5. Minimum two shots at criminal continue until its down.

    Train not to look at your work.

    Scan LOOK to acquire more bad people.

    Secure your position.

      • Because standing around pumping lead into Perp A, isn’t the most effective way of ensuring there is no Perp B.

        I know it’s out of fashion these days, but I practice: Determine it’s a legit target, aim, fire 1 shot, scan for other legit targets; if yes, aim, fire 1 shot, if not cycle back to previous target and aim, fire 1 shot, repeat from “scan” above as necessary, or until ammo or my own life runs out.

        I’m not retardedly slow at “double tapping”, or “controlled doubles” or whatnot, but I’ve noticed I tend to be a “rhythm shooter.” If I train multiple hits for even a short while, I tend to keep shooting at a certain pace. And I have a pretty good intuition that, in a bind, my accuracy will go up in smoke waaay before my rhythm changes. Hence, I’d rather not get used to semi-spinal follow up shots.

  6. Considering some of these fine folks ride four in a car; do not be too surprised if there are three of the honor students in the vicinity. One thing you do have in your advantage, is that these wonderful individuals usually are pretty ignorant about firearms and other topics; so you are not exactly dealing with SEAL Team 6 or the CIA Think Tank. Another advantage that you have, is that most of the time these outstanding citizens do not anticipate that you are armed and will put up a fight.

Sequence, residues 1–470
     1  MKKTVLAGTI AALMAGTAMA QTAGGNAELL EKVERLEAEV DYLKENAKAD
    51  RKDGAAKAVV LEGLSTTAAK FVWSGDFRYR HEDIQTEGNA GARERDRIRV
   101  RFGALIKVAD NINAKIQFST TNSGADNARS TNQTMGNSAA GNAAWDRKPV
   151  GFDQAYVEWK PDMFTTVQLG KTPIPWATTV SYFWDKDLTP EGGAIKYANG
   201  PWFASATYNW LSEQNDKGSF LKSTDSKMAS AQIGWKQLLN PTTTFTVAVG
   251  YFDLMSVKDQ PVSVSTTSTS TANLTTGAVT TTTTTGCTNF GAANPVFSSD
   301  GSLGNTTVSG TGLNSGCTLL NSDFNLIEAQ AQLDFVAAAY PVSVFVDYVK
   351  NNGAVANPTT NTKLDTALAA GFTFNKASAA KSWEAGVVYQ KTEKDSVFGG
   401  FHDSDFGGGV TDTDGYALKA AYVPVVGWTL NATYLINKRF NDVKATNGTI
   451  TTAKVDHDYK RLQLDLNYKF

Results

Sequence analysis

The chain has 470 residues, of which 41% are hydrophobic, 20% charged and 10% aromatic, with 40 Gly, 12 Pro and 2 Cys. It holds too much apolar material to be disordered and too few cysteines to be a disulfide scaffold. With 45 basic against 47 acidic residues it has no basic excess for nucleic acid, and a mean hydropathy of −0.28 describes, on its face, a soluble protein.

Quite frankly, there is a fair chance that you may not have to discharge your firearm at all.
    I would advise not shooting people unless you really have to do so.

  7. This is why I carry 28 rounds in the magazine and one chambered . I keep another two magazines in the ride at 28 each and at 20 feet I am dead eye on .
    I have preached for years the importance of the timer training method . It creates stress and makes you bum- fuzzle everything until you have enough reps that draw and fire become second nature .
    This training always works better with two people and even better if you are competing for something ,
    I usually compete for a box of ammo , it creates the tension needed to stimulate the adrenaline surges .
    First , holster your weapon and draw carefully , acquire your target and double tap two in the chest then two in the head , you can also go two head and then two chest it doesn’t matter . Repeat until you have 10 shots and you feel comfortable that your shot groups are with in your kill zone .
    Second , have your timing partner record your best set , this is your starting point .
    Third , knock five seconds off your best timed set and have your partner say go when they start the clock . You have to do five seconds better than your previous best or you forfeit those five seconds to your partner when it’s their turn unless of coarse they fail also . It works best if you run these drills in six or more sets . you’ll be amazed at how hard this drill is when you’re competing against another person for something . These drills are fun and very helpful in giving you the skill and confidence you will need if actually confronted with a situation that requires you to use these skill sets .
    My partner is usually my wife and she has gotten very good and beats me up fairly often . I believe if she could carry her holster in a more assessable fashion she would probably be more like 50/50 . I prefer to cross draw appendix carry while she usually holsters on the side , I think this gives me just a slight edge .
    You can set up a second target just to the right or left and behind the first to simulate the second threat if you want . I don’t normally train this way even though I have and the article has made me consider doing more .
    Thanks for keeping us thinking .
    TRAIN , TRAIN , TRAIN . Most important .